India: The Painted
Havelis of Shekhawati

What?
A bunch of dusty Rajasthani towns where the interior decorators have gone crazy- on the exterior of the buildings. 

Why visit?
Shekhawati is basically an open-air museum. Nowhere else in India will you find so many painted havelis (family homes built around an open courtyard.) For a slice of fairy-tale Rajasthan, you'll struggle to find a place more exotic than this. 

At the same time, spare a thought for these poor buildings, many of which could do with some tender love & care, and some of which end up getting stripped in order for their decorated windows and doors to become fashionable coffee tables and wall objects. 

Where?
North-east Rajasthan, about 3-4 hours north of Jaipur.  The region is centred on Jhunjhunu, and towns worth visiting include Nawalgarh, Mandawa and Fatehpur.  Most pictures here were taken in Nawalgarh. Map

IT SEEMS RATHER bizarre- how did so many beautiful buildings end up in this dusty little corner of Rajasthan, well away from major cities like Delhi and Jaipur? But here we are, in Shekhawati, and every little town seems to have an extensive collection of stunningly decorated havelis
Grand entrance. 
Havelis are a traditional building type of Northern India- a family home built around a courtyard, typically fronted by a large gate and a high wall. Inside, the multigenerational family enjoyed some peace and quiet, blocking out the noise, dirt and riffraff of the town outside (a principal that still applies to five-star hotels and gated communities all over India.)

You would think that any money spent on decoration and art would be used to paint the interior, for the family, rather than for the riffraff outside to enjoy. But in Shekhawati, this principle was turned upside down as rich merchant families tried to outdo each other, in their attempt to keep up with the Kumars. Elaborate fresco paintings cover these havelis from top to toe, outside as well as inside. 
There is a clear Mughal and thus Muslim influence on Shekhawati art but the themes are purely Hindu- you'll see images of colourful gods and (often blood-thirsty) Hindu epics.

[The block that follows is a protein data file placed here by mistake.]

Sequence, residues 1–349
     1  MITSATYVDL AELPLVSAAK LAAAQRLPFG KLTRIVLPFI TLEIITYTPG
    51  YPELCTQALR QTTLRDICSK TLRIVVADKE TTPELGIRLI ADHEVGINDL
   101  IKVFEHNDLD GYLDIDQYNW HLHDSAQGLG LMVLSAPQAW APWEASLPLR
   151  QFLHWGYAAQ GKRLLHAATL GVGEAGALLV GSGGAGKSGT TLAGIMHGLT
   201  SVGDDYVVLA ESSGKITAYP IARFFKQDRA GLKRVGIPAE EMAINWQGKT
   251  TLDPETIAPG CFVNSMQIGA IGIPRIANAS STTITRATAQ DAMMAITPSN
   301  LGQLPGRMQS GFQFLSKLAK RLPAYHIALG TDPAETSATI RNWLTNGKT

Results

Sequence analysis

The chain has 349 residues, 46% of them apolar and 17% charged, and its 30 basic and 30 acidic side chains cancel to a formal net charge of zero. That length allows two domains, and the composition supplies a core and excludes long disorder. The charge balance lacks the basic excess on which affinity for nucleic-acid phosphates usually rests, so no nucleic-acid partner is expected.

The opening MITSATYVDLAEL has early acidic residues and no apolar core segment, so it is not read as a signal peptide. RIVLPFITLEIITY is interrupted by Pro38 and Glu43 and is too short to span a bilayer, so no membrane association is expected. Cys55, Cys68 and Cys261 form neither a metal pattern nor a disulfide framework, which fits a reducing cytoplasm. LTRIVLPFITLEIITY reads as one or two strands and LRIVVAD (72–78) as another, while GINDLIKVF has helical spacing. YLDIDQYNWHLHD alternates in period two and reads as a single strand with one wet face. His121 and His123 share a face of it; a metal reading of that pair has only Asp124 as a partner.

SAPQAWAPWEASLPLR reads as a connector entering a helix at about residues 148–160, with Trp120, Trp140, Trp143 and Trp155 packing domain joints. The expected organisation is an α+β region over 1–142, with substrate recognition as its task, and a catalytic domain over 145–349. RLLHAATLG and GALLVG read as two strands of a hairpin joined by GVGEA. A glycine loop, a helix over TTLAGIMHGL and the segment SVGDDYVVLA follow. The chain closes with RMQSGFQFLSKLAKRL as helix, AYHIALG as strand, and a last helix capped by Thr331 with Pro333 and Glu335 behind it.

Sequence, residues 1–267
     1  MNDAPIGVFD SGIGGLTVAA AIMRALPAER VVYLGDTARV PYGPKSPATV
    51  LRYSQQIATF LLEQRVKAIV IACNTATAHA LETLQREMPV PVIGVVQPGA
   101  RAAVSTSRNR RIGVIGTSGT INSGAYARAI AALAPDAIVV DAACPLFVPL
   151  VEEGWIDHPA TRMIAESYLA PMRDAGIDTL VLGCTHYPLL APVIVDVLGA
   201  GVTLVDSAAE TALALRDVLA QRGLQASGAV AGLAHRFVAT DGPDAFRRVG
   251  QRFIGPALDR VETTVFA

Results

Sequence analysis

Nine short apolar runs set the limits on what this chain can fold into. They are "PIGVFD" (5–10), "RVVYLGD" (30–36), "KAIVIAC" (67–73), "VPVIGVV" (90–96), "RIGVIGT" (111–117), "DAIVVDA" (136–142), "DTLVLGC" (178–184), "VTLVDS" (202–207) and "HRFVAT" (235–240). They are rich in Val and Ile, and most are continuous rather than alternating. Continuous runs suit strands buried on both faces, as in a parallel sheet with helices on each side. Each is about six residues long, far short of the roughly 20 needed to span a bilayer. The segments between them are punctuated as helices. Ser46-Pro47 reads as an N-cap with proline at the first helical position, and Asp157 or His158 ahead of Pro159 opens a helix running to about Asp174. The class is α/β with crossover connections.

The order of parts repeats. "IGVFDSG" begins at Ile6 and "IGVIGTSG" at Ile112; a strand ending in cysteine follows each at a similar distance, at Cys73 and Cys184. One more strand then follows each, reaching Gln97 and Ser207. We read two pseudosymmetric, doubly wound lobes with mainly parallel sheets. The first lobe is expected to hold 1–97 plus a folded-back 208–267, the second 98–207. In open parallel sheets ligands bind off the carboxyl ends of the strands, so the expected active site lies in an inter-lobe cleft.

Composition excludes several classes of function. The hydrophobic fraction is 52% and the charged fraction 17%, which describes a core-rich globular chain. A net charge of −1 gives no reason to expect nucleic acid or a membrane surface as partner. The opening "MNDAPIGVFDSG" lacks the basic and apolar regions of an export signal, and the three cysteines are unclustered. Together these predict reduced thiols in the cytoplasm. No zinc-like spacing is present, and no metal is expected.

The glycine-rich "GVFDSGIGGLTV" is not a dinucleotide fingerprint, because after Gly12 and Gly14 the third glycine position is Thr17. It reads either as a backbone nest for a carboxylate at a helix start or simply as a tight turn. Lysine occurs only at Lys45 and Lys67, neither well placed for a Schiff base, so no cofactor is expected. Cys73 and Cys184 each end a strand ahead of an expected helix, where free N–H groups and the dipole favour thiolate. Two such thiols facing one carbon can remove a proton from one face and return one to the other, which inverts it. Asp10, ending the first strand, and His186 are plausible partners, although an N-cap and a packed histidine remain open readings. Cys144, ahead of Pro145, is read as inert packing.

Baby Krishna chews of the breast of the evil Putana, killing her in the process. Who said breastfeeding was healthy?
This kind of craftsmanship is rare these days, and as owners have moved to the big cities, many of these buildings have fallen upon hard times. One of the biggest threats is the repurposed-antique market, which sees whole havelis stripped of their decorated and painted windows and doors, which are turned into coffee tables, wall decorations, etc (have a look at Bombay’s Mutton Street or some Delhi art emporiums).
This would make a lovely coffee table, wouldn't it?
Few visitors make it to these dusty towns, as most (foreign) visitors contend themselves with rushing between the Golden Triangle of Indian tourism (Jaipur, Agra, Delhi), unaware of the cultural richness that can be found in provincial Rajasthani towns. 
Two tourists stroll by a frescoed haveli. Actually, tourists are so rare here, I had to bring my own for this picture...
And so you should come here, stay in one of the renovated heritage hotels, visit the impeccably restored Podar Haveli Museum housed in an old haveli, and wander around these towns to satisfy your inner shutterbug, armed with a camera, a bottle of water and some hand sanitiser (it’s still India, after all.)

A few havelis are officially open to the public. Others are not, and they are often uninhabited and locked, but despair not. Somebody will have a key and this person will often find you before you have even made an attempt to find them. A little baksheesh will open many a door and you can marvel at the inside as well as the outside of these magnificent buildings. 
A bit of baksheesh opened the door to this haveli.
Podar Haveli has been immaculately restored and redone. Perhaps a little too immaculate, but don't worry, there are plenty of other havelis that retain that 'old and faded' look. 
Getting there:
Public transport exists- buses ply from Jaipur and between towns, but this is only recommended for those who are time-rich but cash poor. 

Arranging your own wheels makes it easier to get around within towns and from town to town. For 2000-3000 INR a day you should have your own car and chauffeur. Because it’s a long ride from Jaipur (or even Samode- another Minor Sight), try to spend at least one night in one of the towns. There are a few havelis that have been converted into heritage hotels. 

Useful links:
Shekhawati.in website provides a useful overview.
About.com India's pages on Shekhawati are excellent. 




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